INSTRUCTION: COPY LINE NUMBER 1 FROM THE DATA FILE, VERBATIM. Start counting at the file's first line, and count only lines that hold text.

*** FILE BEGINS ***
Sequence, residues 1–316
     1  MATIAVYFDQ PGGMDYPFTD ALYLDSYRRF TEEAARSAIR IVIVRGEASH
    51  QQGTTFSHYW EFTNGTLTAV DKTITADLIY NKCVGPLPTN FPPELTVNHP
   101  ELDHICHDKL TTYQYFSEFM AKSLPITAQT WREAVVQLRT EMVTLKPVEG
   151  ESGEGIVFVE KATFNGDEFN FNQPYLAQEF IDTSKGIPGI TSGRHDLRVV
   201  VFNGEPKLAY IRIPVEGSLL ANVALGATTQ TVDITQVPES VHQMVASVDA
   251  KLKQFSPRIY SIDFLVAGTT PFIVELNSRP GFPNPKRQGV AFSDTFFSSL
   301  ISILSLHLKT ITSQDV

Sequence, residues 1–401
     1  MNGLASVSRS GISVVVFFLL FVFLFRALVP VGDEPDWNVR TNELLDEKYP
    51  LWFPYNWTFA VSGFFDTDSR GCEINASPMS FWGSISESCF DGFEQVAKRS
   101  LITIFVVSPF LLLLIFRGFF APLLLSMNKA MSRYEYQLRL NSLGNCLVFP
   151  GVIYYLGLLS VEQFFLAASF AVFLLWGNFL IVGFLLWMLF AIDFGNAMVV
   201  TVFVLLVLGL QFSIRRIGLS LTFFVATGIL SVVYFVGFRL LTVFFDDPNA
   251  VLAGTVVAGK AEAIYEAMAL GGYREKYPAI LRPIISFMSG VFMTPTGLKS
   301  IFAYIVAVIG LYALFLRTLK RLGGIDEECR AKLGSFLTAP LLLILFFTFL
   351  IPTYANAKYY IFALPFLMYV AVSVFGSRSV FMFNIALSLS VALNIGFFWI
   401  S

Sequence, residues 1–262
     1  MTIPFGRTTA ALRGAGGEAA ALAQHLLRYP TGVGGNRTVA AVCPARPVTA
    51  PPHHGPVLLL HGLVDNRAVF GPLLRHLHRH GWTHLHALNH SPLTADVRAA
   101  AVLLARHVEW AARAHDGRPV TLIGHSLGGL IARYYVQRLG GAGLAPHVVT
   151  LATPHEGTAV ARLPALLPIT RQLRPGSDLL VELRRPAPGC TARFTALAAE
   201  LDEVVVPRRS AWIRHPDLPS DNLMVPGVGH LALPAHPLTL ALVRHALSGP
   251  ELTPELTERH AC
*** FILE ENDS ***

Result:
Sequence, residues 1–316